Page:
Playing with Affinity Designer Brushes

by Rob Poulter


The Backstory

Before Christmas I was noodling around with Affinity Designer in an attempt to be a bit better at design. Part of this has been getting more familiar with the tools by working through a bunch of the tutorials at Tuts+. Tuts+ hosts some tutorials aimed at Designer, but working through the ones aimed at other software like Illustrator has been an interesting exercise in figuring out Designer's tools.

While I was making a robot face, I was trying to make wires by putting a gradient on a stroke, but it seems Designer won't allow you to have a gradient which follows parallel to the stroke. Instead it will apply the gradient to the stroke colour in the same manner as filling.

What I wanted

What I wanted

What I got

What I got

I went digging around the Affinity forums, and apparently this is A Thing, there were some other requests for it, but no real solutions. I got sidetracked by tutorials on making smoke brushes before thinking that I could maybe just make my own wire brush. Turns out, this is pretty easy, and lead to some other interesting stuff.

There are some other things that don't seem work the way I'd like them to (scatter brushes), but let's look at what worked for the time being.

Actually Doing Stuff

You can make "Textured Intensity" and "Textured Image" brushes in Designer quite easily - basically just make the image, export it as a PNG, and then create a new brush from it. The wire brush uses the Textured Image style brush, and allows you to either use the original colours in the source image, or colourised according to the selected stroke colour.

(Note that I don't actually understand the difference between "textured intensity" and "textured image", and couldn't find any info about them, but the intensity brush option didn't do what I wanted.)

Wire Gradient

To start with, I just wanted the gradient so that I could draw wires. This is pretty straightforward: Just draw a rectangle containing the gradient you want, and export is as a PNG, and then re-import it as an image brush.

Rectangle filled with a gradient. Easy.

Rectangle filled with a gradient. Easy.

This let me make nice looking wires in a range of colours and weights:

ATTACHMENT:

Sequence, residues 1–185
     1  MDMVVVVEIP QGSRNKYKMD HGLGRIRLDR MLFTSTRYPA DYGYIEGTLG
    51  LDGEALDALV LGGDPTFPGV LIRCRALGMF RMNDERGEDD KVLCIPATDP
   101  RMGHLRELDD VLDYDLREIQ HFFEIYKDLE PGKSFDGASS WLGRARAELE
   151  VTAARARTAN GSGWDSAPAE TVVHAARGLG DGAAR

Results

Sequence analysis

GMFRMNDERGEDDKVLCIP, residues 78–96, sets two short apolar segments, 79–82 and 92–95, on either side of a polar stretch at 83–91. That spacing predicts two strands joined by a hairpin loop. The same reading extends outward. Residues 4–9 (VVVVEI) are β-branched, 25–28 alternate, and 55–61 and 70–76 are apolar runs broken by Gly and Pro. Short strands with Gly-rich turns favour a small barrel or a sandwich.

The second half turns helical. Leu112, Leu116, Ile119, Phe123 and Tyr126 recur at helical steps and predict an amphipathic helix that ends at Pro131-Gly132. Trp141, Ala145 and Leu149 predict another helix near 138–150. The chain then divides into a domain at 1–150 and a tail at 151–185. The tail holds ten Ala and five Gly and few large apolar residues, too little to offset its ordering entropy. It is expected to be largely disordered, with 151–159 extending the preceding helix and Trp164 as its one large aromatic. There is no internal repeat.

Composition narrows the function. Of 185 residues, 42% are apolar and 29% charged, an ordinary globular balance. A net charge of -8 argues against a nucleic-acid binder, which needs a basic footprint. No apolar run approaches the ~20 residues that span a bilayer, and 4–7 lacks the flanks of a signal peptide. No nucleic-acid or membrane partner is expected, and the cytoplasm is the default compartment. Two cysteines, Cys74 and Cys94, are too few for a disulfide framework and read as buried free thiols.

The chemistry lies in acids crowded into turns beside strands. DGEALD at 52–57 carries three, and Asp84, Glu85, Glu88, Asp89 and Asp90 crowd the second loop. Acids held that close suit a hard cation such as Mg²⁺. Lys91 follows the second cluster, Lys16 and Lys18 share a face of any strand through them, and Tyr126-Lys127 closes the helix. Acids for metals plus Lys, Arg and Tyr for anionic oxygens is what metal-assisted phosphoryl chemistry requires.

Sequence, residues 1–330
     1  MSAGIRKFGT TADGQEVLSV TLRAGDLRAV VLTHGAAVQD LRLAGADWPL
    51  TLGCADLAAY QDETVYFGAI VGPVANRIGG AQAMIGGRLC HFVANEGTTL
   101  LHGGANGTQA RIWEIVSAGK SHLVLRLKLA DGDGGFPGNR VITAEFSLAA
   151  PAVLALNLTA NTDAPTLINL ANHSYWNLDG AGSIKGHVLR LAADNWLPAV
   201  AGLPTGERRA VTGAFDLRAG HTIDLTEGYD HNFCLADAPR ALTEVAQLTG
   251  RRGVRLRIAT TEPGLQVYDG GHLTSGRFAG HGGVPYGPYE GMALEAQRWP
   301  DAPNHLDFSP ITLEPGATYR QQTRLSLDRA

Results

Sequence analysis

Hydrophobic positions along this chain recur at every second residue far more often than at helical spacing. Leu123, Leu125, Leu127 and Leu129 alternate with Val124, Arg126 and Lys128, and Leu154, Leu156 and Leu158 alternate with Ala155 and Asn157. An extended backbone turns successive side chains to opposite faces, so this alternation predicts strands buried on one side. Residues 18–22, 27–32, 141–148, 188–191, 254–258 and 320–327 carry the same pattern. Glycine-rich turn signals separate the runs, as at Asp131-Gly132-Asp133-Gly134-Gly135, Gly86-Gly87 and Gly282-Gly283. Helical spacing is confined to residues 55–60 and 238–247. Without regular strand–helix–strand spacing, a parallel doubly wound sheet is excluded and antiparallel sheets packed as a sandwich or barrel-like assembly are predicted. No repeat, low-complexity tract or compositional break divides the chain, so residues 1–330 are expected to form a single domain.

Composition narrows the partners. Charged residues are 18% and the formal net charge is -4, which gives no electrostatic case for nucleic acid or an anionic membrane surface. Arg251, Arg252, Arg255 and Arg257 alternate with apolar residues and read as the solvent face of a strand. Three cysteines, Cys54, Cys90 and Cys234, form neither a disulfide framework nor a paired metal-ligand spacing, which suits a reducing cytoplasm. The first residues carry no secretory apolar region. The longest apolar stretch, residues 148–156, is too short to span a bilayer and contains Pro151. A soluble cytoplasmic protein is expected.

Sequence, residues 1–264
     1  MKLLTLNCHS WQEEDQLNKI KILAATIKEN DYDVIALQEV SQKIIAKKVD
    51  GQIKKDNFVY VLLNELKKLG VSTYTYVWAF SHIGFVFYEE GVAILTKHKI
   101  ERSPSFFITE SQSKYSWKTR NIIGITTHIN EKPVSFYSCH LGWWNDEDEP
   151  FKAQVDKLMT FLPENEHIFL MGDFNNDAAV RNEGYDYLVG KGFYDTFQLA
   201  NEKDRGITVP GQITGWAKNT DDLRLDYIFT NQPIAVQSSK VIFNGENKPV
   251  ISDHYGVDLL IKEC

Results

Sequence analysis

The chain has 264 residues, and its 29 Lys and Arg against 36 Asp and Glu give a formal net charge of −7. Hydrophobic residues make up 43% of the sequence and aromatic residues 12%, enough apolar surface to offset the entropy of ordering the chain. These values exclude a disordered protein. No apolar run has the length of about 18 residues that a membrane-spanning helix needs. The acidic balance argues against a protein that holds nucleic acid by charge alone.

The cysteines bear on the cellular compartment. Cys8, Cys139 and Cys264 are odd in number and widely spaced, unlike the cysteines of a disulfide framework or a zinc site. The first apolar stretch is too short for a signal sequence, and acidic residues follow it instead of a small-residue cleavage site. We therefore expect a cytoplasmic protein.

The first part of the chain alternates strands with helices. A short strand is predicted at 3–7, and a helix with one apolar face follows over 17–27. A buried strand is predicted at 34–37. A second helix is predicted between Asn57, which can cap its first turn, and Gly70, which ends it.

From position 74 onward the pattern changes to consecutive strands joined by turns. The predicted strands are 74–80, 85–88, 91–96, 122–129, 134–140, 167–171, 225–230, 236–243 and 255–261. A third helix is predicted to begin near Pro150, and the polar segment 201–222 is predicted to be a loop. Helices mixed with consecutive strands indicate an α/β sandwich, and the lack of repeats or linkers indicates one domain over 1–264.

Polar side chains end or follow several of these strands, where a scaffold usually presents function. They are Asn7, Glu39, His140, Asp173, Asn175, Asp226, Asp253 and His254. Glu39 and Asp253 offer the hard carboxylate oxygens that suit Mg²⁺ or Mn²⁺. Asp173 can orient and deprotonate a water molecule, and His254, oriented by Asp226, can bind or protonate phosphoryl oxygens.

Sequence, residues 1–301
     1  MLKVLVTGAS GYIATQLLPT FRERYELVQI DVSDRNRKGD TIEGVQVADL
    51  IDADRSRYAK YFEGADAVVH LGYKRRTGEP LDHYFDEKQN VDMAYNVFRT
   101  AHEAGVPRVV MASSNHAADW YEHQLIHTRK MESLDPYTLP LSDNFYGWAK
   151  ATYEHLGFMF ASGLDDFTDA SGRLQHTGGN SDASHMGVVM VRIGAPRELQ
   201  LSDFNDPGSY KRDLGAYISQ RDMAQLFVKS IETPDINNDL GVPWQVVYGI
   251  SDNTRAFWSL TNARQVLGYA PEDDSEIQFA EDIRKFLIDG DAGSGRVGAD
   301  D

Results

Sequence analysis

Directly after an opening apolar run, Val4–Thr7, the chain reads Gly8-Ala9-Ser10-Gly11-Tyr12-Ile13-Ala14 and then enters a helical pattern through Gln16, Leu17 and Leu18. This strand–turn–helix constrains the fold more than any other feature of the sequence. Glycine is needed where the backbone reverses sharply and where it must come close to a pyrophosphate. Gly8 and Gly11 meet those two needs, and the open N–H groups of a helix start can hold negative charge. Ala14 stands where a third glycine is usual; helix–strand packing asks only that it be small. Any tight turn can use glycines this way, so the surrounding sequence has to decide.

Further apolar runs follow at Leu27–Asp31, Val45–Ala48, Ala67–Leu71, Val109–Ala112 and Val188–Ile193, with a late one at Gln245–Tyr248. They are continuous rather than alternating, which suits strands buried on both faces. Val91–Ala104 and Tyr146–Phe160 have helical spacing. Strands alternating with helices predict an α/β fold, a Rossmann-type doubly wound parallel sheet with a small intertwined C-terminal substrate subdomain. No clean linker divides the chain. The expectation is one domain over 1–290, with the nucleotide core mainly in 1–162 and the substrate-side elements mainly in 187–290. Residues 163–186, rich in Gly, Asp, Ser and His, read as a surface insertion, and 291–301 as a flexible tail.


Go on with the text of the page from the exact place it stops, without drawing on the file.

Wires of different stroke weights and colours based on the new Textured Image Brush.

Wires of different stroke weights and colours based on the new Textured Image Brush.

Bundles of Wires

While browsing through the Tuts+ articles I saw one which was just a big bunch of resources, one of which was a plugin for Illustrator for making fairy lights, so naturally I wondered if I could do that with a brush in Designer.

The first step was to get a nicely tiling bundle of wires. I looked at the sample in the article, and they didn't do anything fancy like overlapping wires, just a pair of curves, which looked pretty easy.

I used my wire brush to stroke a pair of Christmassy pen curves, which was the easy bit. Getting them to tile wasn't especially difficult, just a case of duplicating both wires, and shifting each half left and right by half the canvas width (in my case 400px for an 800px canvas). I then joined the curves of the same colour in the middle using the Node tool and the Join Curves function (after selecting the two end points I wanted to join), deleting one of the two nodes, and cleaning up the curve.

The last step is creating a slice using the Export Persona so that only the parts of the wire within the canvas bounds are exported (I was working with lots of extra vertical space, so just exporting the selected objects would be no good).

Import the selected PNG as a brush to see if it worked, which it did after choosing 'repeat' instead of the 'stretch' option in the brush's settings.

Editing the Brush Settings

Editing the Brush Settings

One thing to be aware of is if you want to use colours from the original image instead of colourising based on the stroke colour, you need to choose 'None' from the stroke colour, which I found to be a bit counter-intuitive.

The Lights

My not very exciting fairy light

My not very exciting fairy light

The last step was adding the lights (also the bit I'm least happy with, but it still looks ok with some judicious editing of curves afterwards). I attached something that looked vaguely like a fairy light onto my bundle of wires in the original brush file, added in a halo and some radiant lines, and exported a new image file.

Fairy Light Success

Fairy Light Success

All in all it worked pretty well. On tight curves the rays get twisted up, so the curves need a bit of fiddlng. It works best on gentle curves.

Fairy Light Fail!

Fairy Light Fail!